Treat a Cavity Right Away

Has your dentist told you that you have a cavity? You may feel dismayed at the concept of returning to your dentist’s office to treat this early form of tooth decay. But getting rid of cavities in a timely fashion will prevent more serious damage from accruing in your smile.

Tooth decay develops when natural oral bacteria find a weak spot in your tooth’s enamel and begin to erode the dental structure. Dentists refer to a resulting hole from decay as a cavity. Decay will spread and worsen without intervention from a dentist, so make sure you schedule this dental appointment right away.

You can feel more encouraged to seek this necessary dental care when you know more about its importance. Review details about the dangers of cavities as well as what to expect from treatment from Dr. Chavala Harris, a dentist in Durham, NC, when you read on.

Treat a Cavity Right Away

Risks of Untreated Cavities

Cavities may come with some noticeable symptoms, including dark discoloration in the tooth and tooth sensitivity. If left without treatment, advanced tooth decay will allow both of these symptoms to worsen. The patient can feel more significant pain as decay spreads and deepens.

If decay reaches the pulp of the tooth, the patient will face a high risk of an infection. Not only could this cause significant pain, but it will also result in swelling, bad smells and tastes in the mouth, and even fever and malaise.

If you develop an infection or abscess in the tooth, bacteria can easily travel through the bloodstream, spreading the infection throughout the body. Since the mouth is so close to the brain, this can lead to serious medical consequences. Prevent this concern by treating cavities as soon as you can.

How to Treat Cavities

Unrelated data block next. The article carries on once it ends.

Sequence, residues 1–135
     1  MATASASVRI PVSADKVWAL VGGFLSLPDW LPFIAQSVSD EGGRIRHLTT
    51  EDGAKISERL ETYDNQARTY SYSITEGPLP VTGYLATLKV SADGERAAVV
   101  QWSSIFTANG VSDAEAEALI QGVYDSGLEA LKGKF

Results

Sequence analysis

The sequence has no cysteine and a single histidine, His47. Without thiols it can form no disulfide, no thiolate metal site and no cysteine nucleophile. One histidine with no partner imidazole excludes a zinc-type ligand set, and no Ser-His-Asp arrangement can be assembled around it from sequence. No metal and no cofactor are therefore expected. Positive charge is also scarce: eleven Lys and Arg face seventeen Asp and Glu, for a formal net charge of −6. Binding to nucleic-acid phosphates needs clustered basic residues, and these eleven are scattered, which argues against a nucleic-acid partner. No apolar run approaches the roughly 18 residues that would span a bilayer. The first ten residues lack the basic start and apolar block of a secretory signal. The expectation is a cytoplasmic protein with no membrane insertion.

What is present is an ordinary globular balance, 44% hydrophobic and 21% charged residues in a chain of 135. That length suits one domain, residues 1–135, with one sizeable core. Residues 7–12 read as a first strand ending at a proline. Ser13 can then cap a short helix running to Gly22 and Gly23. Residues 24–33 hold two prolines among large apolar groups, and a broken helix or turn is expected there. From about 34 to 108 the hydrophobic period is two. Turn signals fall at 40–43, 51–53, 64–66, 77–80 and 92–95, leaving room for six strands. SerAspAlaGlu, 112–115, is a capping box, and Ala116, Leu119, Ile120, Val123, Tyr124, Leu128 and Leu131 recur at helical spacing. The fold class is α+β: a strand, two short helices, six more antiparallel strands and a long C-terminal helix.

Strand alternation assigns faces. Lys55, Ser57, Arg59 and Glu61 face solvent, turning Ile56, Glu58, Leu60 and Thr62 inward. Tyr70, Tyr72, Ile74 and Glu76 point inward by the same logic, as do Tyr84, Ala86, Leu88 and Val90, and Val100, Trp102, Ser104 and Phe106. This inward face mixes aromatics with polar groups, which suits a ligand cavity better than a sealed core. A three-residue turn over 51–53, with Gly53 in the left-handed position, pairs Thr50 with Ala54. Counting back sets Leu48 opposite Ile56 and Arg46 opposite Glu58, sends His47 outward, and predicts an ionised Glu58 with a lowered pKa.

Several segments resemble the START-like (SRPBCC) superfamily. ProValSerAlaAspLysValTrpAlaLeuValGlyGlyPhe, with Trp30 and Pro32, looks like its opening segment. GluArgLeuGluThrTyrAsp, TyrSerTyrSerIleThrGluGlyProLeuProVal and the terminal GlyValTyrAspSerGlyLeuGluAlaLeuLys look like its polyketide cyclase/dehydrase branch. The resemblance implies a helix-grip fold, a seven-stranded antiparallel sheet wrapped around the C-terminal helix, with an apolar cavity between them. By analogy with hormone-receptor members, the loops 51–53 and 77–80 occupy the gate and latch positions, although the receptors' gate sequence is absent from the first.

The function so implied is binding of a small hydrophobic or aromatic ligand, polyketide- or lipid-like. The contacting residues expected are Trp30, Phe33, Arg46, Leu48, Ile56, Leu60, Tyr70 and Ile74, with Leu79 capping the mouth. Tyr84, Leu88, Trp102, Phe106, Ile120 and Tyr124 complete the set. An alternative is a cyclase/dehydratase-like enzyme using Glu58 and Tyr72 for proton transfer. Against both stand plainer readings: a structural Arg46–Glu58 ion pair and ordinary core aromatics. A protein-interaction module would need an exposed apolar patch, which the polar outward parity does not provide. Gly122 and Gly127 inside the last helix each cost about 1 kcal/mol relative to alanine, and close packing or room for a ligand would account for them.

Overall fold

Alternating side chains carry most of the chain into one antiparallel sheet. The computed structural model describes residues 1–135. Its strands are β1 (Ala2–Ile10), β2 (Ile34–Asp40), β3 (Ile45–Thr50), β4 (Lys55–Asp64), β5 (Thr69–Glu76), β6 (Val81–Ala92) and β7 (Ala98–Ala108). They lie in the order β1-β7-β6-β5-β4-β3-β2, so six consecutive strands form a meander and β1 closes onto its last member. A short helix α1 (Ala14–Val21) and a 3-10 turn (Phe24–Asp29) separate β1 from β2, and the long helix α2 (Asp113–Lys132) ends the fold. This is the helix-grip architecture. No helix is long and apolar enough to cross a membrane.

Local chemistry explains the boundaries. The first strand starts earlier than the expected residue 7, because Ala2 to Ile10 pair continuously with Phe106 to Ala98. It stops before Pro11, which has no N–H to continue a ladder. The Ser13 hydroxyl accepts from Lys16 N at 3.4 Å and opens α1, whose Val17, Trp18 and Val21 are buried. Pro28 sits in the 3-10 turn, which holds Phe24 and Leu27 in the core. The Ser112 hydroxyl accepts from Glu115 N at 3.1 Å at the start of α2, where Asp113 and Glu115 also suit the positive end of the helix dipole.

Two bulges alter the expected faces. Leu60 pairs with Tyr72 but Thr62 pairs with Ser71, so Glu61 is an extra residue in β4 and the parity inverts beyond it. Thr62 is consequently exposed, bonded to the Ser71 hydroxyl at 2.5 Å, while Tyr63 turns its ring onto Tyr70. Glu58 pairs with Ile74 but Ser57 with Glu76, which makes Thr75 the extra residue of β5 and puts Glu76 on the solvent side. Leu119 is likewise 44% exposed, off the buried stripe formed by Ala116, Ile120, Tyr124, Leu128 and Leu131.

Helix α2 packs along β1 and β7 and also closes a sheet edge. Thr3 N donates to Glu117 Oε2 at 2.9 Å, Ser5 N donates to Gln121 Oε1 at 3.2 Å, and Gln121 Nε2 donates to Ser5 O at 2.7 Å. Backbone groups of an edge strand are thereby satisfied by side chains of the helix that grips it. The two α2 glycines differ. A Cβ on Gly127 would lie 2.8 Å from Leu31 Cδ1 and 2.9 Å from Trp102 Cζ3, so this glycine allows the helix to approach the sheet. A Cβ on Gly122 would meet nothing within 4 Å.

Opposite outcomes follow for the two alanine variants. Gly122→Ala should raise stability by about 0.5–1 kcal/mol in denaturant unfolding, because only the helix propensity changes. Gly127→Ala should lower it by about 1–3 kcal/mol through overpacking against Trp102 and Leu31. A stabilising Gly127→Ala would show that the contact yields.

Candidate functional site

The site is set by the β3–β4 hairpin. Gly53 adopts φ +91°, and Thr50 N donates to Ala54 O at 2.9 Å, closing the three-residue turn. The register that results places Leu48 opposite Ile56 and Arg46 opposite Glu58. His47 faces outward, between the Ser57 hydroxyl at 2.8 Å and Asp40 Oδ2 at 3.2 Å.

A dentist can treat most cavities within one appointment. First, they will give you a local anesthetic to numb the affected area. They apply a topical numbing gel and then give you an injection to the nerve. This way, you will not feel any discomfort during the procedure.

Then the dentist removes the decayed part of the tooth enamel. They use composite resin to fill the resulting hole, molding it to the desired shape of your tooth. They use concentrated light to cure and harden the dental filling into place.

The dentist completes the treatment with a final polish, ensuring the new fixture has a smooth, natural finish and does not disrupt your bite. The filling creates a seal over this vulnerable part of the tooth, protecting it from further harm. It can stay in place for about ten years, withstanding the usual wear and tear your teeth endure regularly.

Cavity Prevention Tips

Though a dentist can treat a cavity, ideally, you want to preserve as much of your natural dental structure as you can. This means reducing your risk of forming tooth decay with preventive dental care.

Keep your teeth strong enough to resist decay by removing harmful plaque in a timely fashion. Brush your teeth twice a day, floss daily, and visit your dentist for routine dental cleanings. Ask your dentist about other preventive treatments that can fortify your teeth against cavities.